Sarah Burnett, founding partner at Emergence Partners, will be delivering the morning keynote at the upcoming WIT Europe Summit on 15th September.
Taking place at 10:05 am BST, the keynote — Rethink the Unpredictable — will explore the new priorities that will top the tech list in the coming months and years, and how the pandemic has changed technology.
If you would like to register for the event, please click here. Registration for the virtual summit is free of charge.
What are the current levels of diversity in the technology industry and how has the pandemic impacted these levels?
The needle hasn’t moved for years. Women still account for around 16-17% of the technology industry.
The pandemic has actually made it tougher for women, because during lockdown opportunities for career progression have become limited. And, both men and women, have had to focus on looking after their children, with schools being closed, while also trying to focus on their careers.
What will it take to move the needle and drive a more inclusive workforce?
Mindsets need to change, and female and male leaders need to instill a culture of inclusivity from the top down.
There are also bigger challenges, in that we’re just not attracting enough young people, boys or girls, to the industry.
We need role models to inspire them and actually reach into schools to do this.
I would also call on the entertainment industry to help, because they often portray technologists as quite geeky, which doesn’t necessarily appeal to those young children at school.
Finally, while women are getting more screen time as heroines in films and tv shows, there isn’t really any portrayal of girls as technologists. This is a challenge in helping them visualise themselves in the technology space.
WIT Europe Summit 2020 Q&A — Kathleen Moore, CIO of utilities, automation & innovation at HSBC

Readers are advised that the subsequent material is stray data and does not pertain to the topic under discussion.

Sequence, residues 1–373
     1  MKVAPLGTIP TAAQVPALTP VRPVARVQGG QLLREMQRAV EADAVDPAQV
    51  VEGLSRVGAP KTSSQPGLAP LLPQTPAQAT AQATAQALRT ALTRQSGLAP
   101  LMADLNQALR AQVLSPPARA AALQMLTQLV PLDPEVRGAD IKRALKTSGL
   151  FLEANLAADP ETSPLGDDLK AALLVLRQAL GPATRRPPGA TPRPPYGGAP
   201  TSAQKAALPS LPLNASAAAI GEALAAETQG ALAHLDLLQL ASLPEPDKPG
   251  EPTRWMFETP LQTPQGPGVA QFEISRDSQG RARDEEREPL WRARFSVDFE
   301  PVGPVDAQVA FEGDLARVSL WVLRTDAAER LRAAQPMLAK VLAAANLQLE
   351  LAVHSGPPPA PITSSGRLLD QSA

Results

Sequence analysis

Ahead of the Women in IT Europe Summit, Kathleen Moore, CIO of utilities, automation & innovation at HSBC spoke to Information Age about her part in the event, and promoting diversity. Read here
Why is it important to have a diverse organisation?
It’s really important to highlight that diverse organisation’s always do better in terms of performance — that’s not just based on a gender, but also background, race and sexual orientation. A diverse group of people will come up and drive better ideas than a room full of the same people from the same background, with the same experiences.
Could you please expand on your keynote at the upcoming WIT Europe Virtual Summit?
There has been a wider acceptance of technology in the office and at home, and a general increase in the level of knowledge and skills of using those technologies. This is absolutely fantastic.
It’s made homeworking totally acceptable and the rise of technologies like video conferencing means we have had to change the way that we collaborate.
This change in work and social patterns will lead to the creation of new business models. For example, we are already seeing a change in how people can pay for car insurance, depending on your mileage — pay-per-mile.
Necessity is pushing us to use more equipment and more software that allows us to do what we need to do from home from remote locations. And this is pushing new business models as well. We will see much more use of the cloud, and on-demand capabilities in the workplace.
In another part of my keynote, I will be discussing how the pandemic has changed technology.
And the important thing to focus on here is how things are governed. Governance has got to become a flexible model, where businesses and practices can evolve and keep up with advances in technology, and in these surreal and fast-paced times.
Policies have to be flexible to allow organisations to innovate, as well as get on and make the most of this very difficult period that we’re living in.